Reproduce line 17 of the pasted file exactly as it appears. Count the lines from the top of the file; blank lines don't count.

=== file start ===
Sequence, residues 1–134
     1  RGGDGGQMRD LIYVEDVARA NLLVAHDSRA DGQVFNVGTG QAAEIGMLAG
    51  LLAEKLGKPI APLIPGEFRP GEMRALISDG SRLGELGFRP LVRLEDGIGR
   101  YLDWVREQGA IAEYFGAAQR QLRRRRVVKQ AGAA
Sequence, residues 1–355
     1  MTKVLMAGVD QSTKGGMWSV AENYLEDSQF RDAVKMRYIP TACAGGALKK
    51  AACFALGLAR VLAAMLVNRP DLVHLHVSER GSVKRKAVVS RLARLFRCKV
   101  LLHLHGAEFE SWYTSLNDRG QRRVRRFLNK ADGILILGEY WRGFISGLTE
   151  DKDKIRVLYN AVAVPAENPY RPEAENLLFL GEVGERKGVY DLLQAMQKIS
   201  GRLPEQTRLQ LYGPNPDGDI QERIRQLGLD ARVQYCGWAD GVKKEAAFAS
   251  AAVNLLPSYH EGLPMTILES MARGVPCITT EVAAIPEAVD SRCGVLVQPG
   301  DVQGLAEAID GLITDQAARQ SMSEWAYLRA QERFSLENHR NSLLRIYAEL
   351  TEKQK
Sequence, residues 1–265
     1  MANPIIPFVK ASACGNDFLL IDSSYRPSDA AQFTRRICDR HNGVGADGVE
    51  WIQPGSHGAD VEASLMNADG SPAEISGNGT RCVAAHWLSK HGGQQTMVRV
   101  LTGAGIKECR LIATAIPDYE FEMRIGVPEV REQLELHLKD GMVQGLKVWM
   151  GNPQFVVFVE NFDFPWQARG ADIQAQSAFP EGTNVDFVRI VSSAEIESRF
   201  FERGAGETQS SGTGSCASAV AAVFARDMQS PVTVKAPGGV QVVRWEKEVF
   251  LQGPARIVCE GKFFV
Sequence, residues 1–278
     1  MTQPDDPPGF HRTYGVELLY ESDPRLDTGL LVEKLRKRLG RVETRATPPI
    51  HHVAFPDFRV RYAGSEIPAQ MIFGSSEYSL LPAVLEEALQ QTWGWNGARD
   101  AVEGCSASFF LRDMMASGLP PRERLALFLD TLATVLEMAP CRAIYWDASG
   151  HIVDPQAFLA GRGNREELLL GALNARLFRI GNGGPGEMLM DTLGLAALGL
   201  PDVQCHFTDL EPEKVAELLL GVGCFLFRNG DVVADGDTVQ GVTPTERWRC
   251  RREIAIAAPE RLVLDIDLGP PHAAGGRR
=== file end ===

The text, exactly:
   101  LTGAGIKECR LIATAIPDYE FEMRIGVPEV REQLELHLKD GMVQGLKVWM